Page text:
bre™ 408 CNC router with a four-byeight-foot table. “That [machine] is like my right hand,” says Newton, who purchased the router used from a shop in New York and rebuilt the entire machine. (Note: See sidebox for a list of updates Newton made to his router.) This CNC router continues to handle a demanding workload with cutting tolerances of plus or minus zero. Thanks to its pull-through capability, the router can also handle material beyond the length of its table. Newton says having a pull-through capability is important. “You don’t have to have a huge shop,” he says. “All you have to do is turn the machine on, and you can just keep pulling the material through.” The CNC router has not only allowed CES to keep jobs in-house, but it also automates many processes. Gerber’s OMEGA™ 5.0 software can electronically file and store project info,

August 2013 // Sign Builder Illustrated

37

As part of the Studio Brow project, CES created banners, large vinyl prints, and second-surface stand-off signs.

so repeating a job is simple and automated. Thanks to Newton’s filing template system, he can find a job while on the phone with a client and, as a result, offer them more detailed information. “It gives them that extra personal touch and makes them feel that we understand them and have them covered,” he says. The shop also uses the software to save on material waste by cutting on pieces of material that have already been used. “We output the coordinates,” says Newton. “Everything is a saved file, so after we cut something, we can take it back off of the shelf, put it back on the router, and know exactly where the

things are cut out of it. “Then we can continue to reuse the material.” In addition, the OMEGA software works with other machines, like the shop’s Graphtec cutter and Mutoh ValueJet 1324 printer. This allows for greater integration between machines and, as a result, a better workflow. “All of the print-to-cut projects and vinyl jobs go to the Graphtec plotters from Gerber OMEGA, and all the routing goes to the Gerber Sabre 408,” says Newton. “Printed and cut vinyls line up perfectly on routed parts from the Sabre and all complement each other for the

Router Upgrades Ever since purchasing his used Gerber Sabre™ 408 router, Matt Newton Sr. has performed a series of upgrades on it. (Note: When making any upgrades to a machine yourself, use caution.) Here are some of the changes he made to it: + Replaced the two lead screws on the x- and y-axis. + Replaced bearing rails and some cabling. + Refinished the table surface to factory standard and added a sacrificial material on top of that for greater vacuum performance. + Upgraded the factory vacuum hose to a larger, clear hose with the ground strap built-in to stop clogging issues around tight corners. It also serves as a visual guide to when the vacuum canister is full.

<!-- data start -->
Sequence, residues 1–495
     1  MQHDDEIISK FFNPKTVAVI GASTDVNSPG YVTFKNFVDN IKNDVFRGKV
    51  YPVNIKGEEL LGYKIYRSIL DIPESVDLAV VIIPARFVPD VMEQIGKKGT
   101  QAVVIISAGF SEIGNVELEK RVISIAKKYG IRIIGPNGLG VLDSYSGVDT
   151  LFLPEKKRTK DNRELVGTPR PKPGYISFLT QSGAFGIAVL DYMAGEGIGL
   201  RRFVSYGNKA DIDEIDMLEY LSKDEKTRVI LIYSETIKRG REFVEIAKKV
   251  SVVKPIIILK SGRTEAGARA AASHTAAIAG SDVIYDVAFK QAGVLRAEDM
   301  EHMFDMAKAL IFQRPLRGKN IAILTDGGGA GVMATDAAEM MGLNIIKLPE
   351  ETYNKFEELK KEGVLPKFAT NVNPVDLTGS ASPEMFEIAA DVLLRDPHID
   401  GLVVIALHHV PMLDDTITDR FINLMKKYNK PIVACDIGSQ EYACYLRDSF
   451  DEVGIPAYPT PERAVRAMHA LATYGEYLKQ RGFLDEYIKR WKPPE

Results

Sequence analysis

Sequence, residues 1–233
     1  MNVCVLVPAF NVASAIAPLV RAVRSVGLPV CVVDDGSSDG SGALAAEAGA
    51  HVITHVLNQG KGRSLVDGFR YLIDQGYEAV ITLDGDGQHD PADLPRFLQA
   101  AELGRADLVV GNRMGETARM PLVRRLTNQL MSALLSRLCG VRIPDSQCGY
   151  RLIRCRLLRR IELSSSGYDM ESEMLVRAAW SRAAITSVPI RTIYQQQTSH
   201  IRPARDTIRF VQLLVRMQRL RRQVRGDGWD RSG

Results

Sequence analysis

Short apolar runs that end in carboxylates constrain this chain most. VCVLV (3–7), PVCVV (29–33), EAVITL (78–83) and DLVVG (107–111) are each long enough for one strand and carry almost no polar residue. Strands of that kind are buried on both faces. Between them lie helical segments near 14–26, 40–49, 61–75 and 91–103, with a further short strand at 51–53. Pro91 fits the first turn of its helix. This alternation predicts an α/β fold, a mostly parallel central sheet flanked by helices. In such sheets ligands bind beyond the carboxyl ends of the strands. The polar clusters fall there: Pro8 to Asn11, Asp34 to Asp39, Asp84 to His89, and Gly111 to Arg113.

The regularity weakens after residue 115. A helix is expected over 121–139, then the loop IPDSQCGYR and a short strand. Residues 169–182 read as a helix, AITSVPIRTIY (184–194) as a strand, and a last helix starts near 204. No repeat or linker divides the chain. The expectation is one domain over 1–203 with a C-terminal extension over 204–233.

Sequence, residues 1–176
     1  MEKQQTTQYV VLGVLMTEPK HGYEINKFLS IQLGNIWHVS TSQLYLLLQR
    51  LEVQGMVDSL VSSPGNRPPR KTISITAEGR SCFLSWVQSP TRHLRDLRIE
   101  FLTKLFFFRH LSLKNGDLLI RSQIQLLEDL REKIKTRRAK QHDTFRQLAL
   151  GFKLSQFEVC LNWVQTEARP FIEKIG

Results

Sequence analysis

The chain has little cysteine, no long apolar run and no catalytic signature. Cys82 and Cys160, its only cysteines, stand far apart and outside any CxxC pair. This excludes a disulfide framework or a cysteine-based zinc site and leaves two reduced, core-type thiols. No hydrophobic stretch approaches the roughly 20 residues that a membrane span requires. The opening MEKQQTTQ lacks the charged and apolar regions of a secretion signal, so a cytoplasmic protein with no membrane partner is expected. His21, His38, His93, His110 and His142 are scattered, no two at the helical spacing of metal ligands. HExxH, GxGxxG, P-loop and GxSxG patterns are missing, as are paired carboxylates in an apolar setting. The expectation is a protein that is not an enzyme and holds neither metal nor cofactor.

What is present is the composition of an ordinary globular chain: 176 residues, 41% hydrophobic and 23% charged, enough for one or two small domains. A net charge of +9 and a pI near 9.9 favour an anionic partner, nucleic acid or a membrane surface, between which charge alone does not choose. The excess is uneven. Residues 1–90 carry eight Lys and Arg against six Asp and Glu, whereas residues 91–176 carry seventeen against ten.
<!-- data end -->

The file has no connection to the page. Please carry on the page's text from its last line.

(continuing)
These displays were made by covering IKEA cabinets with fold-up shells of Omega-Bond™ in gloss black and brushed aluminum.

38

Sign Builder Illustrated // August 2013

+ Modified the head foot to allow for the use of cutting fluid and vacuuming at the same time for routing aluminum with less mess.

signshop.com

finished product.” Above all, however, one of the greatest benefits of the router is that it’s allowed CES to enter markets beyond the sign industry. “The sign industry is such a beautiful base for so many things. Shops just don’t realize it,” says Newton. “As long as people understand what a router what it has, the possibilities are endless. “These things are incredible machines, but if you don’t know what to do with them, it just sits there; it’s just a paperweight.” One of the first places to begin looking for new markets is from a business’s existing customer base. “The sign industry gets to see a private back view of a lot of different industries,” says Newton. “While you’re talking to a customer, you get to see the backend workings of their company and what makes their company work— totally unrelated to yours. “It also lets you see that they have needs that you can fulfill that you’re not even marketing.” These needs often aren’t signs, but Newton urges shops to think outside of the four-by-eight-foot router bed.